Fluorescence spectroscopy

A fluorescence spectrophotometer is an instrument used to scan the fluorescence spectrum emitted by a liquid phase fluorescent label. Spectrophotometers are widely used in the analysis of inorganic and organic materials due to the high sensitivity and wide dynamic linear range. In the inorganic element analysis, the content of the element is determined mainly by the complex of the element to be tested and the organic reagent or by the fluorescence quenching effect. Many methods have been developed for clinical, food nutrition and additives analysis. Such as laser-induced fluorescence method for the diagnosis of malignant tumors, micro-fluorescence method to study the interaction between drugs and cells, DNA sequencing and the determination of the content of fluorescence.

Nuclear magnetic resonance spectroscopy (NMR)

NMR is a spectroscopic technique to observe local magnetic fields around atomic nuclei. The sample is placed in a magnetic field and the NMR signal is produced by excitation of the nuclei sample with radio waves into nuclear magnetic resonance, which is detected with sensitive radio receivers. An atomic nucleus placed in a strong magnetic field undergoes energy level splitting. When the absorbed radiant energy is equal to the energy level difference, energy level transition occurs and generates a nuclear magnetic resonance signal. The intramolecular magnetic field around an atom in a molecule changes the resonance frequency, thus giving access to details of the electronic structure of a molecule and its individual functional groups.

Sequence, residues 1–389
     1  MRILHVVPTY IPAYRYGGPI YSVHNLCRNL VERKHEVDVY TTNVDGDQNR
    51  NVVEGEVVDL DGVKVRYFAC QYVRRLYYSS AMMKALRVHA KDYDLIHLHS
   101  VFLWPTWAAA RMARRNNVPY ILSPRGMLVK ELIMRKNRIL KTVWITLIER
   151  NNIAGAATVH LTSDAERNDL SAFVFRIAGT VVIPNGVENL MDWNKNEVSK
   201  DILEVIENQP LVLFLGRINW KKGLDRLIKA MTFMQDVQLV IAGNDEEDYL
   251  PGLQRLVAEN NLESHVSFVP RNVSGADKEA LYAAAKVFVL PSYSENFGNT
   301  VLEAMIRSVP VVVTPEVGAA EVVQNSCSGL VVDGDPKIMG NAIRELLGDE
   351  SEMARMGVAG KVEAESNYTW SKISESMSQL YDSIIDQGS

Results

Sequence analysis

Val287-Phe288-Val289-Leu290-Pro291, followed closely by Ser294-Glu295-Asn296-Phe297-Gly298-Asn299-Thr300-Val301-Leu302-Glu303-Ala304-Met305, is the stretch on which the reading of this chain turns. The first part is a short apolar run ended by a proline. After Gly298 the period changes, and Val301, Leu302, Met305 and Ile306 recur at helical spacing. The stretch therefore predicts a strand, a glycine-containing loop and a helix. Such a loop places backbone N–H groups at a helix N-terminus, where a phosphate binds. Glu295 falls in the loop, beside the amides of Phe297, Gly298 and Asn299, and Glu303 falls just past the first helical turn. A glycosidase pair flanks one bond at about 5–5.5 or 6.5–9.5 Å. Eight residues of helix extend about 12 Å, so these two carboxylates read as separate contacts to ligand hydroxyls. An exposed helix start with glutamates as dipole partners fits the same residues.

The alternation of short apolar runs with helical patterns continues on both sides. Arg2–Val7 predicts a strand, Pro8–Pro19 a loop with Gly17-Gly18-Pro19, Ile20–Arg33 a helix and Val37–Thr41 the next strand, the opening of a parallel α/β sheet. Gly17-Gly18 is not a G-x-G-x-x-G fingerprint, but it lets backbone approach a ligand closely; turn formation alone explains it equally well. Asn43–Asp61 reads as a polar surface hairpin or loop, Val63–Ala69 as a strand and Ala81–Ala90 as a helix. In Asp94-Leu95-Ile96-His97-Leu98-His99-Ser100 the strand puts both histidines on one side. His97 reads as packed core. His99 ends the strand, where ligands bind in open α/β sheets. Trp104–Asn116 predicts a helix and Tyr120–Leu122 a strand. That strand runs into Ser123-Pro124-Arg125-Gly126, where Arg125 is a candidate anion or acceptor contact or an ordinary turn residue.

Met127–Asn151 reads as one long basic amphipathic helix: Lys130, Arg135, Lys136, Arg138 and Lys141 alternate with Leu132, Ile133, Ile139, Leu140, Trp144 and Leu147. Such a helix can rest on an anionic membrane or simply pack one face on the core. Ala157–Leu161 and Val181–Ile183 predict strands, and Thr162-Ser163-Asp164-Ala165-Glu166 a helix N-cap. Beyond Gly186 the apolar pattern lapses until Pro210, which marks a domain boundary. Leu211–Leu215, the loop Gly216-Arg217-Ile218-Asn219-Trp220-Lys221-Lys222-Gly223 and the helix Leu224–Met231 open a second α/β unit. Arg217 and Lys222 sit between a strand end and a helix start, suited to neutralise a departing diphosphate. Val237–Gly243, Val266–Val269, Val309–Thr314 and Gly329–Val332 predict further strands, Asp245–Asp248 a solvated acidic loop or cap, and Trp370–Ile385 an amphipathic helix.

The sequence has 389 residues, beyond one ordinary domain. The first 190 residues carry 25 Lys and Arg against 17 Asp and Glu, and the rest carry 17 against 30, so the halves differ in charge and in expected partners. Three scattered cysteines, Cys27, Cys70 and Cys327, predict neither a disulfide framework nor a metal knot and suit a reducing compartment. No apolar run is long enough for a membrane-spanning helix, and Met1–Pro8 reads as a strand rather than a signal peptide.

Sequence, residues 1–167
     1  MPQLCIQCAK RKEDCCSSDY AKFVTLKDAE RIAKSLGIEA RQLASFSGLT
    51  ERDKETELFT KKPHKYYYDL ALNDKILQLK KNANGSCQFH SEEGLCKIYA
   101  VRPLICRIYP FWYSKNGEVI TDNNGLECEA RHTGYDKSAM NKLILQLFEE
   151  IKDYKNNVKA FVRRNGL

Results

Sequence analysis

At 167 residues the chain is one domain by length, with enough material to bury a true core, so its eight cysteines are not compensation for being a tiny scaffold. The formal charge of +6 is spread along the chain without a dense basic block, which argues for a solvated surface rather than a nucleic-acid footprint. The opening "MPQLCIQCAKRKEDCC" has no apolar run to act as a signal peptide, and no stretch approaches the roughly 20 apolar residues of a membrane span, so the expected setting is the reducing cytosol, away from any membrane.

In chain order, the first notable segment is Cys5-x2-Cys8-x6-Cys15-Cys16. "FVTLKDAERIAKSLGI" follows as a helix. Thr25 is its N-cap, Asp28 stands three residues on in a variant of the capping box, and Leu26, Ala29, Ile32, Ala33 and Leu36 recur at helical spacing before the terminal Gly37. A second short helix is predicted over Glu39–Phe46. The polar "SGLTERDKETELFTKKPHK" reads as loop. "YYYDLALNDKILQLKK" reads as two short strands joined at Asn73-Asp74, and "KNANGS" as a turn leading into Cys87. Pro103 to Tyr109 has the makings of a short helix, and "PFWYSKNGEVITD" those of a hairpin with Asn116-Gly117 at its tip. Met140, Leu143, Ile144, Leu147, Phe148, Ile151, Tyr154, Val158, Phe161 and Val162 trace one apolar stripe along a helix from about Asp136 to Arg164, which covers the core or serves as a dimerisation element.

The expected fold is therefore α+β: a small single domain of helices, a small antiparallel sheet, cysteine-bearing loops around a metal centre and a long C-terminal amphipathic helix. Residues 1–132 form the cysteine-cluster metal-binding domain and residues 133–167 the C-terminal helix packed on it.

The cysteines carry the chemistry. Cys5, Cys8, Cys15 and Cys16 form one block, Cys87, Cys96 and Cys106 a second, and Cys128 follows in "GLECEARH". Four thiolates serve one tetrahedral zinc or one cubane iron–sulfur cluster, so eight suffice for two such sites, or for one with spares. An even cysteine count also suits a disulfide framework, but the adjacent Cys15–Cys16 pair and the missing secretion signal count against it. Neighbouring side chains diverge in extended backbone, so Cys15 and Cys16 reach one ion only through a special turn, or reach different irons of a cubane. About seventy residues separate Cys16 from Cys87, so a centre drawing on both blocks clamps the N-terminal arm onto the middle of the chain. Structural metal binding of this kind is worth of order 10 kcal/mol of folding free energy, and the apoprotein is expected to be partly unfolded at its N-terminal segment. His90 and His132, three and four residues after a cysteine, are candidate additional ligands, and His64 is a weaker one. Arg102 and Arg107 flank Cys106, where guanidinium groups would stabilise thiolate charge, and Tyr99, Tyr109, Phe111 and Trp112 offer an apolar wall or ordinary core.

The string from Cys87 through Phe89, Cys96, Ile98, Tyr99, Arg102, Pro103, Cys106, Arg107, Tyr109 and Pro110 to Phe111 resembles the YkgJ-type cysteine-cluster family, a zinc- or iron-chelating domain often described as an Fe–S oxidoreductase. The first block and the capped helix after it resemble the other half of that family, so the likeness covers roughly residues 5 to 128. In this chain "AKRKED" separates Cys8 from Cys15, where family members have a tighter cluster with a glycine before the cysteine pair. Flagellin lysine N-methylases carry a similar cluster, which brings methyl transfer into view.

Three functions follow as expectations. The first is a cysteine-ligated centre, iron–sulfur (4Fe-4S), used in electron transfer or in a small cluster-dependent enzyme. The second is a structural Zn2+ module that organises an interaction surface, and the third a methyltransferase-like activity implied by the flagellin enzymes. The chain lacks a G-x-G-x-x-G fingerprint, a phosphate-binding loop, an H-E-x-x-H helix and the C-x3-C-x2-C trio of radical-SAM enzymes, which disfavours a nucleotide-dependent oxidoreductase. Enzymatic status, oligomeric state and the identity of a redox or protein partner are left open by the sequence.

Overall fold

NMR is a powerful non-destructive technique to determine the structure of organic matter. From the continuous wave nuclear magnetic resonance spectrum to the pulsed Fourier transform spectrum, from the traditional one-dimensional spectrum to the multi-dimensional spectrum, the technology is continuously developed and the application field is keeping extended. For example, NMR has been used in the qualitative analysis of the copolymer composition, based on the principle that the peak area is proportional to the number of resonance nucleus, the composition of the copolymer, and the molar ratio of the two components can be calculated by measuring the area and total area of each proton absorption peak.